A location of objects imaged by the satellite could be pinpointed with an accuracy between 10 and 15 meters without use of any calibration points on the ground.
While using a single ground station for downlinking its data, Resurs-P2 could photograph 80,000 square kilometers per day in high-resolution mode. The satellite could revisit the captured area for a second look no later than in three days. The imaging data acquired by Resurs-P can be downlinked to the ground at a rate from 150 to 300 megabits per second via a dedicated X-band radio channel.
The 6,392-kilogram satellite was guaranteed to function for at least five years in a 475-kilometer orbit with an inclination 97.28 degrees toward the Equator.
Unlike its predecessor, Resurs-P No. 2 was assigned to carry a high-energy particle detector, which was previously developed for the 750-kilogram Koronas-Nuklon satellite. Originally, there was an apparent plan to launch the Nuklon experiment on the second Lotos-S electronic intelligence satellite, however later, a dedicated spacecraft was proposed for the Nuklon detector. In the spring of 2012, Roskosmos awarded 753.5 million rubles to the Nuclear Physics Research Institute of Moscow State University, NIIYaF, however the development of the satellite itself was canceled by November of that year. As a result, the Nuklon payload was transferred to Resurs-P2.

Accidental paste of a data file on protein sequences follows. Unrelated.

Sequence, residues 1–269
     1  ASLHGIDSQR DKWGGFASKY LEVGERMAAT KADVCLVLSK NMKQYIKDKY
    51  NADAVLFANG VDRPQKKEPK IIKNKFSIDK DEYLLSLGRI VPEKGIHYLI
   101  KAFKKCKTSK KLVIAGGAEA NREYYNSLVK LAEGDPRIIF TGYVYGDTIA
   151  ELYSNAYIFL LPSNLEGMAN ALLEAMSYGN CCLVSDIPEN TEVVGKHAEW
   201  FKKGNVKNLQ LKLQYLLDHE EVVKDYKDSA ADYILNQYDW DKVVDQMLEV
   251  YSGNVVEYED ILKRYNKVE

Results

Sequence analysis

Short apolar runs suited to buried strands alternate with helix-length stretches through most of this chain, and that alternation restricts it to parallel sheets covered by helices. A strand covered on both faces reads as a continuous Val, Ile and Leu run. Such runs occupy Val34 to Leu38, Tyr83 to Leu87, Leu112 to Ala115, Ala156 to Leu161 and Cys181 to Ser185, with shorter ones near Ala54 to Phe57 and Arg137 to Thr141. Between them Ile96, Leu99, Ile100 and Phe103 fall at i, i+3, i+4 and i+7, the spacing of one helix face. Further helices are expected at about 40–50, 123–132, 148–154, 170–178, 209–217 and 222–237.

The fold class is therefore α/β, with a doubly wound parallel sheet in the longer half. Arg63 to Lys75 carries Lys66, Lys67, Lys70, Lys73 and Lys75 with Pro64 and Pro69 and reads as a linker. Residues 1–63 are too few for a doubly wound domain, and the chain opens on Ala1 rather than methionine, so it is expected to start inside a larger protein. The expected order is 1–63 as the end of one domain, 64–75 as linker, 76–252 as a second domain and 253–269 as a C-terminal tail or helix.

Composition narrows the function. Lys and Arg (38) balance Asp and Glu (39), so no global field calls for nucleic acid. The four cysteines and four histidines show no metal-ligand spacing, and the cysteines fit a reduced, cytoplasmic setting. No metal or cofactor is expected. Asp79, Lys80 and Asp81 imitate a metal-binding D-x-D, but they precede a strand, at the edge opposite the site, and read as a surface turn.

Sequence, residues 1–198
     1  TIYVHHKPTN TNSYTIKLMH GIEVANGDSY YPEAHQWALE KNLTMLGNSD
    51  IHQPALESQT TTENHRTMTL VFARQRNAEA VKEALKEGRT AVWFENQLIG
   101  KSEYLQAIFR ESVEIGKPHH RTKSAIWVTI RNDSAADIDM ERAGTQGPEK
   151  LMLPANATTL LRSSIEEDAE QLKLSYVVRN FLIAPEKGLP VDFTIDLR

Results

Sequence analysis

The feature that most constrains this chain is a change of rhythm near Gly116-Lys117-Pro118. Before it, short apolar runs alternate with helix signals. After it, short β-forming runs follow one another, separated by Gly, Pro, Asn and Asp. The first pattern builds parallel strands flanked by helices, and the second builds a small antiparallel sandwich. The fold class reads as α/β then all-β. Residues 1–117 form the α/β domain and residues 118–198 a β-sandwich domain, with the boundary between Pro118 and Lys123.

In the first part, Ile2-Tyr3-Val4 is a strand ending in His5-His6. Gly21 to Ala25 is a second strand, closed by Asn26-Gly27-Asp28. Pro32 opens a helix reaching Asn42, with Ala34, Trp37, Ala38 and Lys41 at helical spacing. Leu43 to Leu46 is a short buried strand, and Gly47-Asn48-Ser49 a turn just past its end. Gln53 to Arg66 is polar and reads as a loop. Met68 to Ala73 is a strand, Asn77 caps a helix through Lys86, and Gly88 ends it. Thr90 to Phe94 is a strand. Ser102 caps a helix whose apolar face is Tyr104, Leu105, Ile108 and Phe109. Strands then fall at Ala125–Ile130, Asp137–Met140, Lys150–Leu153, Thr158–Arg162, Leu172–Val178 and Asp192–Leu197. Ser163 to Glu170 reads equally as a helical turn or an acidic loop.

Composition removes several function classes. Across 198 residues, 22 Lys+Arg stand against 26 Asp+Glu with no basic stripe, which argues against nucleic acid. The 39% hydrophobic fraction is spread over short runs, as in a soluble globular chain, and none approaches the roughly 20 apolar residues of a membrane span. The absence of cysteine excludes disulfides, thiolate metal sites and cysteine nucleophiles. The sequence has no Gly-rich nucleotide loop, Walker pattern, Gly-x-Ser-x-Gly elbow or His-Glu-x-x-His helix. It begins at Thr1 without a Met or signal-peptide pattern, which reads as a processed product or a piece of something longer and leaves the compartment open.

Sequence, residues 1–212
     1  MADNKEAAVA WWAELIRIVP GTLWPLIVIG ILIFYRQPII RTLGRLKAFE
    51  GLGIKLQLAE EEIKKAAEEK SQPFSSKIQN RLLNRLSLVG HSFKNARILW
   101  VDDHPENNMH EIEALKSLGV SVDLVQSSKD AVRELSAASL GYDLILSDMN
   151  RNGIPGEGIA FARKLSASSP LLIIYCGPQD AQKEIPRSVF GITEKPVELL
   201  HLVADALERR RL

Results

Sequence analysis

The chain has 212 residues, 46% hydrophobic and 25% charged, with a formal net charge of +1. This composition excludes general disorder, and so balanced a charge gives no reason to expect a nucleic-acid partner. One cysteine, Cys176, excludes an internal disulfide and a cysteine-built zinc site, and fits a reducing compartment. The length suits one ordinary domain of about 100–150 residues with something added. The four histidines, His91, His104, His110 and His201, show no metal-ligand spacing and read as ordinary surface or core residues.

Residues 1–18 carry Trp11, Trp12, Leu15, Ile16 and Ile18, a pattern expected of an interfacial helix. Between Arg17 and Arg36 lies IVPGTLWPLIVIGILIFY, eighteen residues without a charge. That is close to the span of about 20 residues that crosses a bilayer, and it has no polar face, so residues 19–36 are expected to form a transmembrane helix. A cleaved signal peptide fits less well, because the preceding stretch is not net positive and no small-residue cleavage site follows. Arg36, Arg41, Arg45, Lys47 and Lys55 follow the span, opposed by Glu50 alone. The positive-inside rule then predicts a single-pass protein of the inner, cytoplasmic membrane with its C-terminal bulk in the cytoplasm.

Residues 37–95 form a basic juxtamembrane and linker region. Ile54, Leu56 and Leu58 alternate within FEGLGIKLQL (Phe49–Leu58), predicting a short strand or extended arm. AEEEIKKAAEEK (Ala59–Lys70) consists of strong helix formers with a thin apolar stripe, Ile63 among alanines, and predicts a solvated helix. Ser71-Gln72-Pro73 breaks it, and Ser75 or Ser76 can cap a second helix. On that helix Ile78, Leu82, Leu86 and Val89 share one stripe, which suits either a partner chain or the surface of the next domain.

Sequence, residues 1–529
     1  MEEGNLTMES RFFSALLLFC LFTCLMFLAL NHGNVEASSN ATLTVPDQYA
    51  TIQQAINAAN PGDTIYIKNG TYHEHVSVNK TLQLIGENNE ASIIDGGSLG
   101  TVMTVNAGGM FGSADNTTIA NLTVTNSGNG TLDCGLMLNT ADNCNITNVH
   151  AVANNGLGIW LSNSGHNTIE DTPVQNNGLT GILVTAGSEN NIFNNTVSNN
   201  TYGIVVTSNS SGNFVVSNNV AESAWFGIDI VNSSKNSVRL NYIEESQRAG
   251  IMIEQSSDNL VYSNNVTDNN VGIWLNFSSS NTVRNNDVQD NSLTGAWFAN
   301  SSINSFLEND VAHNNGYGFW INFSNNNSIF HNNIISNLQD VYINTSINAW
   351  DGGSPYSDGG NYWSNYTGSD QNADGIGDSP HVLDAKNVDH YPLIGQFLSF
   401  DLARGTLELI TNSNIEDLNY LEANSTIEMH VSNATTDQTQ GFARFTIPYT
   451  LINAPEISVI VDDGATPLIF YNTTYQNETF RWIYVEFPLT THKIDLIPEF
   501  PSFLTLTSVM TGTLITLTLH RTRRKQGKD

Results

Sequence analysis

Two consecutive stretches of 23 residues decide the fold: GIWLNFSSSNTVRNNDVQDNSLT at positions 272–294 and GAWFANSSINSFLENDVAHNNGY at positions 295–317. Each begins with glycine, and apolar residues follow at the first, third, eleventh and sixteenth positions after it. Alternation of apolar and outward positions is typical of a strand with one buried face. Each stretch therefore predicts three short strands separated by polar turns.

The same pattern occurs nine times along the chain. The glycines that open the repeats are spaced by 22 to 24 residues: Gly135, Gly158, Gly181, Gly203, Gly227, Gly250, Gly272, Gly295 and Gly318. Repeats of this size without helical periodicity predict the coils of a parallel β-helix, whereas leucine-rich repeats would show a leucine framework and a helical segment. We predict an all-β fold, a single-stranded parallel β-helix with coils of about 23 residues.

Another new payload for Resurs-P2 was the Automated Identification System, AIS, developed by a Moscow-based RKS corporation for use by sea vessels.
Known specifications of the Resurs-P No. 2 spacecraft:
*96 according to original technical assignment
Preparations for launch
In one of the early references to the Resurs-P2 spacecraft in June 2008, it was promised to fly in December 2013 and in the spring of 2012, the mission was still expected in the fourth quarter of 2013. At the time, all systems for the satellite were expected to be completed by the end of the year. In May 2012, Roskosmos placed a formal order for a Soyuz-2-1b rocket to carry the second Resurs-P spacecraft into orbit. The vehicle was delivered to Baikonur on July 19, 2013, along with two other Soyuz rockets.